Scrawl Poetry Winner – Benjamin Kemp with ‘Ju-ni Gatsu’

vicbooks’ Scrawl Poetry Competition, on National Poetry Day, with the gratefully received help of…

and

…is pleased to announce Benjamin Kemp as the winner of our Scrawl Poetry Competition.

We received almost 200 poetry entries for the competition, many of which surprised and delighted us with their depth and skill. Jenny Bornholdt, who was kind enough to judge the poems for us, selected the winner and five highly commended poems, had this to say of Benjamin’s poem:

“In ‘Ju-ni Gatsu’ the writer has entered ‘the arteries’ of where he lives. I love the way an emotional state is conveyed through the careful detailing of physical life. The writing itself is ‘delicate’ and attentive – rich in detail and full of surprising images. This is a strong, quiet poem which fully realises the sense of a ‘delicate’ landscape and concludes with a gorgeous final image.”

See this post for the five highly commended poems and Jenny Bornholdt’s words on them.

Congratulations Benjamin, your prize of books, $200 in vouchers and a A2 poster of your poem are on their way to you.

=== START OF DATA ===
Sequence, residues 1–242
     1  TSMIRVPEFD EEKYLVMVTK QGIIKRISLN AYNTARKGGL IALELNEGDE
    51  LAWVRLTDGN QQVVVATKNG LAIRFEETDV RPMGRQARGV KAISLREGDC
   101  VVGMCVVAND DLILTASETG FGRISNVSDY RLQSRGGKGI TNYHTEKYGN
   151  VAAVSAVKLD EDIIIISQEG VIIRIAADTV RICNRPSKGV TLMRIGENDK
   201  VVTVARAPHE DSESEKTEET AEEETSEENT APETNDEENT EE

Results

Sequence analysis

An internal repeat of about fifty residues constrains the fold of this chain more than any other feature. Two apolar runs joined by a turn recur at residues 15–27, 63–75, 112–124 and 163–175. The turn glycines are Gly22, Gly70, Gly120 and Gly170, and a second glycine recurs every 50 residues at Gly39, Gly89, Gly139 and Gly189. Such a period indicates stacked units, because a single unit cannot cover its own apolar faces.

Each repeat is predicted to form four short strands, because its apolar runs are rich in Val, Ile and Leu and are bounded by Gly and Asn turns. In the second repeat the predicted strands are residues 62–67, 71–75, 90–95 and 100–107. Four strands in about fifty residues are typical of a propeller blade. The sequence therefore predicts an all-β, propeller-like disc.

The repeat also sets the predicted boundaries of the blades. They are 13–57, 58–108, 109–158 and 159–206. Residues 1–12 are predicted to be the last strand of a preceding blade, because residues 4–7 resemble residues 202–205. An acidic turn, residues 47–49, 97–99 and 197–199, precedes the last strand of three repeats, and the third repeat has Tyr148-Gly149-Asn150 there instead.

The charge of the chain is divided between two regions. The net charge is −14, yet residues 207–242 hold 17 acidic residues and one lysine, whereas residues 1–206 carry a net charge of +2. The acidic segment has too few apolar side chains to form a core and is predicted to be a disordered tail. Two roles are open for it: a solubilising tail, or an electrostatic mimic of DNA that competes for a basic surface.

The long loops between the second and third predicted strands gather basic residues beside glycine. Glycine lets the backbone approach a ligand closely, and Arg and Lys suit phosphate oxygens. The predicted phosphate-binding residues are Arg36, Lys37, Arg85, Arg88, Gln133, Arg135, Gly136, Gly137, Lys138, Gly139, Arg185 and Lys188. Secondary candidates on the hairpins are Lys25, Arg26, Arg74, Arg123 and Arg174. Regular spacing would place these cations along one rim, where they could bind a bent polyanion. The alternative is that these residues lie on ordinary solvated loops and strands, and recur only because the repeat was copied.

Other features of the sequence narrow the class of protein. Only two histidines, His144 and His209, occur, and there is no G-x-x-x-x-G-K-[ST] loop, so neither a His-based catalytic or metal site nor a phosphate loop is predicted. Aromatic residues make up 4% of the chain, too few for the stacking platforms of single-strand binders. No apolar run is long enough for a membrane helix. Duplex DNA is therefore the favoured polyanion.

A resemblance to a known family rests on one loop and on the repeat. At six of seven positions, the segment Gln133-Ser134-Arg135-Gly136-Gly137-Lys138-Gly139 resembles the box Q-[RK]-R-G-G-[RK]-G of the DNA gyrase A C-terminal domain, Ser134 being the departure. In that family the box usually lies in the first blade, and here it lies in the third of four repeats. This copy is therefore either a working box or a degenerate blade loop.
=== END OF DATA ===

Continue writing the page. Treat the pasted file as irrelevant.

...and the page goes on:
Ju-ni Gatsu (‘December’ in Japanese)

Japan is delicate,
& in December when snow settles
upon the branches,

it feels like a Buddhist prayer…

Walking to work,
a stonewall shoulders my path…

it was built 700 years ago

by monks who tendered the gardens with
tiny scissors &          a clear mind…

Walking to work,
my fingertips hang out from under the
sleeves of my jacket…

tickled by a morning sun &
a frost,
fragile,  like the ribs of a leaf…

Walking to work,
the peddlers in steaming noodle
carts have faces like nourished hide…

If you get close,
their foreheads are old photos,

with grandfathers, mothers,
brothers & uncles,  resting over their brow.

Walking to work,
from Yoyogi-Uehera, where I live…

it’s saintly…

for when the sun hits…
the orange tile roofs
knelt down through the night…

they rise to their feet.

& in Shinjuku, where I work…

the People have

the temperament of porcelain,
with cheek bones
like ZEN…

& Kurosawa

& in the canal,

the carp bask under muddy glass…

sometimes twelve or thirteen at a time,
trading their safety for
the sun,

& over the bridge,

with wide hips & feet resting in a puddle…

I enter the arteries of Tokyo…

With ears open…

listening for you

for Manutuke…

the Te Arai river…

& the sound of oranges growing.

We want to thank Booksellers NZ  for their kind help in supporting this competition, and for their grand organising efforts for National Poetry Day.

and for their support of student writing.

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